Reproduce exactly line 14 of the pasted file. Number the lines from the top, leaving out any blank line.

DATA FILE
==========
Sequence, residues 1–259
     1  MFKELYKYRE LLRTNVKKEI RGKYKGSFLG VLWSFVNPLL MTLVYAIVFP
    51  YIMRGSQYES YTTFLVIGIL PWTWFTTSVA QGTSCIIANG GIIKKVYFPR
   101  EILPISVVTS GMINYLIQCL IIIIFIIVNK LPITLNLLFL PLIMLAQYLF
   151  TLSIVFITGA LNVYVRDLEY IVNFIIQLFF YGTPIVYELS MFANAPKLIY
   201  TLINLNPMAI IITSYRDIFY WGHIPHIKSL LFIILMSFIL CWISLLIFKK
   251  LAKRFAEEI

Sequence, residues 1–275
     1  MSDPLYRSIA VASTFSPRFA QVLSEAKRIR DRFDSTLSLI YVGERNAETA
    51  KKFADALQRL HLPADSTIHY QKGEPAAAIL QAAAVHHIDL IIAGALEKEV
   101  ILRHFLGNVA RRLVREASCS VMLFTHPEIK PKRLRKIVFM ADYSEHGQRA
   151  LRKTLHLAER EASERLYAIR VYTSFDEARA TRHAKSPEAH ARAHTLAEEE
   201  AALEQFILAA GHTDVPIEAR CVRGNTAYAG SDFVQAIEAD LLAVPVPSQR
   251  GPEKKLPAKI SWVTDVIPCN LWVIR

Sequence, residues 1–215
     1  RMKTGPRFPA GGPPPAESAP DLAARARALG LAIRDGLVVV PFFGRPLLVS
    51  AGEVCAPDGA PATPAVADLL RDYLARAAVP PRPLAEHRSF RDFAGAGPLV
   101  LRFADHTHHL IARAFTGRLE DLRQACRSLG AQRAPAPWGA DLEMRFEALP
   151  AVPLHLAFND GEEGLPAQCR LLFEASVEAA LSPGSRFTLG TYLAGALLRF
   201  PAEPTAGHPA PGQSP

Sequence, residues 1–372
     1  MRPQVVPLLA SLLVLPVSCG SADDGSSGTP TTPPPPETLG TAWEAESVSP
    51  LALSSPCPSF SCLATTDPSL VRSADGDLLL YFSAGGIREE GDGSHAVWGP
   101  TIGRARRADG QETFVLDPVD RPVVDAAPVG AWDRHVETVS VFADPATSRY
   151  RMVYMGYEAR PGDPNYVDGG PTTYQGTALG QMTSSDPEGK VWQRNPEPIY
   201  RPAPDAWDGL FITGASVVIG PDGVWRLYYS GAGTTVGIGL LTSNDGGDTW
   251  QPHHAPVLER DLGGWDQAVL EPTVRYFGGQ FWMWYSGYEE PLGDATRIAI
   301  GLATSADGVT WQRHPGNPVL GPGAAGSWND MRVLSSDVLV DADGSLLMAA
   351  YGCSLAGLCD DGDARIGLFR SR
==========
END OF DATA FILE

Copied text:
   251  GPEKKLPAKI SWVTDVIPCN LWVIR